Interview with Gary Schoeniger, Founder and CEO of the Entrepreneurial Learning Initiative (ELI)
Who are Europe’s and the World’s transformers? Who are the people capable of changing the world we live in?
The worlds transformers are, of course , the innovators and entrepreneurs – those who invent new products and services, start new businesses, create new jobs, revitalize our communities and improve the quality of our lives.
Entrepreneurship is the lifeblood of our economy and entrepreneurs are vital to the overall health and wellness of our societies. They are at the forefront of discovery, challenging the status quo and driving progress. And they possess the skills that not only enable them to adapt and thrive in a rapidly changing highly complex world, but also to make a greater contribution to society.
The important question is, why do some people behave this way while others do not?
How can societies create “new” people who can solve new challenges and have a happy life?
Big thinkers around the world have begun to recognize the need to encourage and support entrepreneurship education as a change agent necessary for creating the societies of the future. And the evidence is abundantly clear that education plays an essential role in shaping entrepreneurial attitudes, behaviors, and skills. Yet thus far, the subject of entrepreneurship has been largely absent from the curriculum. When it does appear, it is often narrowly defined, misrepresented, or treated as an extra-curricular activity rather than a required subject worthy of serious study.
The world has changed in profound ways, yet our systems of education have not kept pace – in many ways they are designed to create employees rather than innovators and entrepreneurs. In other words, we have been creating entrepreneurs by accident rather than by design.
If we are to create “new” people who can solve challenges, we must not only infuse entrepreneurial thinking throughout the education system, but also examine new methods of teaching that encourage the development of entrepreneurial attitudes, behaviors, and skills. As Google’s Chief Education Evangelist Jaime Casap once said, “Stop asking students what they want to be when they grow up and start asking them what problems they want to solve and what they need to learn in order to solve those problems.”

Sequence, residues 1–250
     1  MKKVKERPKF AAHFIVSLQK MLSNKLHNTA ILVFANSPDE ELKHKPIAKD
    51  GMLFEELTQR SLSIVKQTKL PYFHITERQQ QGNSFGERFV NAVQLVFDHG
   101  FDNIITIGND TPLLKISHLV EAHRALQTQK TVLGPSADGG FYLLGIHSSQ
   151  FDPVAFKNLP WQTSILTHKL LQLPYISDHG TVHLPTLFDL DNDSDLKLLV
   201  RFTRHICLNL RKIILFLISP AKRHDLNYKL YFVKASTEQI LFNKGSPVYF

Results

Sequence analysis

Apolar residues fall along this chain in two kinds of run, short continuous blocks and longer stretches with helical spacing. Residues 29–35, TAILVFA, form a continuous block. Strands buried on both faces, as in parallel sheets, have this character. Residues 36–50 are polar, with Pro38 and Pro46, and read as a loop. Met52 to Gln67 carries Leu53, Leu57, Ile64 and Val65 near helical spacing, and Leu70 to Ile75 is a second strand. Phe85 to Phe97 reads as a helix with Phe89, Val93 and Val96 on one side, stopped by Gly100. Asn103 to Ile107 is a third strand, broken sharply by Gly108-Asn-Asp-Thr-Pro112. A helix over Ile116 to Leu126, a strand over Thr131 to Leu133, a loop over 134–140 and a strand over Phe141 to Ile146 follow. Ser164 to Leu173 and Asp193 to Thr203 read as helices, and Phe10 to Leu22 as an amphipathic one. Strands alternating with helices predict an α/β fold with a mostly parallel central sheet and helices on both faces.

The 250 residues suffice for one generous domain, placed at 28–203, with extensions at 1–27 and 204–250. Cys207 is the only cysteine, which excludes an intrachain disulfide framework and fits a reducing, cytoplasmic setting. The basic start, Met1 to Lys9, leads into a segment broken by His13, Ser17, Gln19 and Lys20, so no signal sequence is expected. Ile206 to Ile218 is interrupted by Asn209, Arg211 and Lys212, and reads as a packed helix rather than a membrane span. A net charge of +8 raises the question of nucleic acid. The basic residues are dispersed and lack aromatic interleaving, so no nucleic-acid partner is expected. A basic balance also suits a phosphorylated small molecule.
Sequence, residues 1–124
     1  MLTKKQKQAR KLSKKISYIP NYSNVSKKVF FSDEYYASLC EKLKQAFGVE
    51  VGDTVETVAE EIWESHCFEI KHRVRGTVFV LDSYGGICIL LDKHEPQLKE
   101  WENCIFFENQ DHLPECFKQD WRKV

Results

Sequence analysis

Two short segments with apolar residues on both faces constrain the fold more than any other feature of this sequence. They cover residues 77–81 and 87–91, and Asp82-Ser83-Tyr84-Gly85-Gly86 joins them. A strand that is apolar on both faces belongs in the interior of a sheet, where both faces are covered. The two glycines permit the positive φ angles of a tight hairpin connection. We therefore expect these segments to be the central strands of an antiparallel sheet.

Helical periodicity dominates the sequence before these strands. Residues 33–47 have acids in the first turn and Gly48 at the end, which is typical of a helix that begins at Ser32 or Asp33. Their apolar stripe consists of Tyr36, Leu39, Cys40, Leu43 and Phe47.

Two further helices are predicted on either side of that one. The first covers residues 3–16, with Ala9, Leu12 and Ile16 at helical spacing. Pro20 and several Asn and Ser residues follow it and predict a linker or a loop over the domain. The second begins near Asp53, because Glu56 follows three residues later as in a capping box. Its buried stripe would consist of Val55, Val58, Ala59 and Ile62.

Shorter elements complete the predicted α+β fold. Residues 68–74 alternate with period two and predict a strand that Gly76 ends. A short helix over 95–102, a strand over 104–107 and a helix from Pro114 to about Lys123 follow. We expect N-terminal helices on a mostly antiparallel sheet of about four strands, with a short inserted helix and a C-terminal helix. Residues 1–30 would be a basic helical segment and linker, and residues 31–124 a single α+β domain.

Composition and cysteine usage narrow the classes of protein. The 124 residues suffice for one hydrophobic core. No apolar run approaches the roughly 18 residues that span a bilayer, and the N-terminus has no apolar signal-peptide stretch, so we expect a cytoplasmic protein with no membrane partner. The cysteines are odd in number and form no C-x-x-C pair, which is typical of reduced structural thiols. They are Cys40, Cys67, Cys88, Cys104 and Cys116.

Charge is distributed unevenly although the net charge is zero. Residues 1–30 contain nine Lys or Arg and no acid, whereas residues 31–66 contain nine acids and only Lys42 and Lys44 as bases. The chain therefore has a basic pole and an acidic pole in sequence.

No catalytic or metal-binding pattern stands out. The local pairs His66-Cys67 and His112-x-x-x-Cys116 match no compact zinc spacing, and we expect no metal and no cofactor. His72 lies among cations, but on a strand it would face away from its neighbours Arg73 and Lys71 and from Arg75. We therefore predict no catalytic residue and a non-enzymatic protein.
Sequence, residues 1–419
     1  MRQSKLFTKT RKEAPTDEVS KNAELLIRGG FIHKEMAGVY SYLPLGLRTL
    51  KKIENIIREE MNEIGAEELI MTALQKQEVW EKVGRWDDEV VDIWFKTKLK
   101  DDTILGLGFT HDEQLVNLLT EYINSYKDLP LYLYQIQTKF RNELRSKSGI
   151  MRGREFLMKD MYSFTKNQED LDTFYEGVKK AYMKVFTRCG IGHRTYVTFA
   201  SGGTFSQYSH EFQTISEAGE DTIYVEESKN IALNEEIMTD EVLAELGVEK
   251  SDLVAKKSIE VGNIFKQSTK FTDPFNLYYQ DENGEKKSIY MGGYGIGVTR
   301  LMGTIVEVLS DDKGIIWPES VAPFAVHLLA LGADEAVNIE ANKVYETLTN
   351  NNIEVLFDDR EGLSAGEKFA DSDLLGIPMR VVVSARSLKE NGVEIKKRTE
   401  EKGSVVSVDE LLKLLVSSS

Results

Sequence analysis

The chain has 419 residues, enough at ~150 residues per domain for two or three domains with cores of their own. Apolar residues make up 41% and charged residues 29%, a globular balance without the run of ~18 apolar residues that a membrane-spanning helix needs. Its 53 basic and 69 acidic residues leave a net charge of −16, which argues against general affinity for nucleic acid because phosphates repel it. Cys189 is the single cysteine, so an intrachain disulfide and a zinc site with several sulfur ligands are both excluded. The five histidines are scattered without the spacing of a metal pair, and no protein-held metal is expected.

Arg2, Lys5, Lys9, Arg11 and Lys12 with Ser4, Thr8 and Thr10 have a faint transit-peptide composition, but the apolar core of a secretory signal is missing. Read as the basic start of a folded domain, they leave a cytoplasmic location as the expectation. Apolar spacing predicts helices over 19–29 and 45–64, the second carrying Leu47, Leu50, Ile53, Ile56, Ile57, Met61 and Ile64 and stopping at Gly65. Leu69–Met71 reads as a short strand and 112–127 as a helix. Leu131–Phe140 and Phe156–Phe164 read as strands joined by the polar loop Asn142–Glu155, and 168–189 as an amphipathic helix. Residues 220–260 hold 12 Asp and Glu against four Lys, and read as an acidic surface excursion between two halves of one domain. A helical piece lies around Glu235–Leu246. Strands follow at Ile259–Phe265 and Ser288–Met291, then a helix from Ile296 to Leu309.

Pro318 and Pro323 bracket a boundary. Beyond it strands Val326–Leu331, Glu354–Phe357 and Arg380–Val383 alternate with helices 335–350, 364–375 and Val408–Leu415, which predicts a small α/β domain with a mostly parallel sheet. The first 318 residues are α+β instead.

How can we apply the entrepreneurial approach in our daily lives, as professionals and humans?
Seneca once said: “The duty of a man is to be useful to his fellow-men; if possible, to be useful to many of them; failing this, to be useful to a few; failing this to be useful to his neighbors; and failing them, to himself: for when he helps others, he advances the general interests of mankind.”
This speaks to the essence of the entrepreneurial mindset; the simple notion that it is our responsibility to figure out how to make ourselves useful to others, and by doing so, we empower ourselves. Embracing an entrepreneurial mindset shifts our perspective in ways that can have a profound impact on our attitudes and behavior. And it does not require big ideas, venture capital, or an Ivy League MBA. It is a deceptively simple concept that anyone can learn to develop and apply.
Therefore, if we are to apply the entrepreneurial approach to our daily lives, we start by solving everyday problems in our daily lives. We must learn to approach problems, frustrations, or unmet needs as potential opportunities. And, rather than complaining or accepting the status quo, the entrepreneurial mindset asks; How can I solve this problem? How many other people have this problem? By doing so, we will not only make the world a better place, we will empower ourselves.
What is your wish for JA Bulgaria and the 20th anniversary of the organization?
My wish for JA Bulgaria is that your efforts will not only continue to impact the lives of young people in your communities and throughout Europe, but also to help business, academic, and government leaders recognize the power of entrepreneurial thinking as an essential life skill necessary for all students in order to create the societies of the future.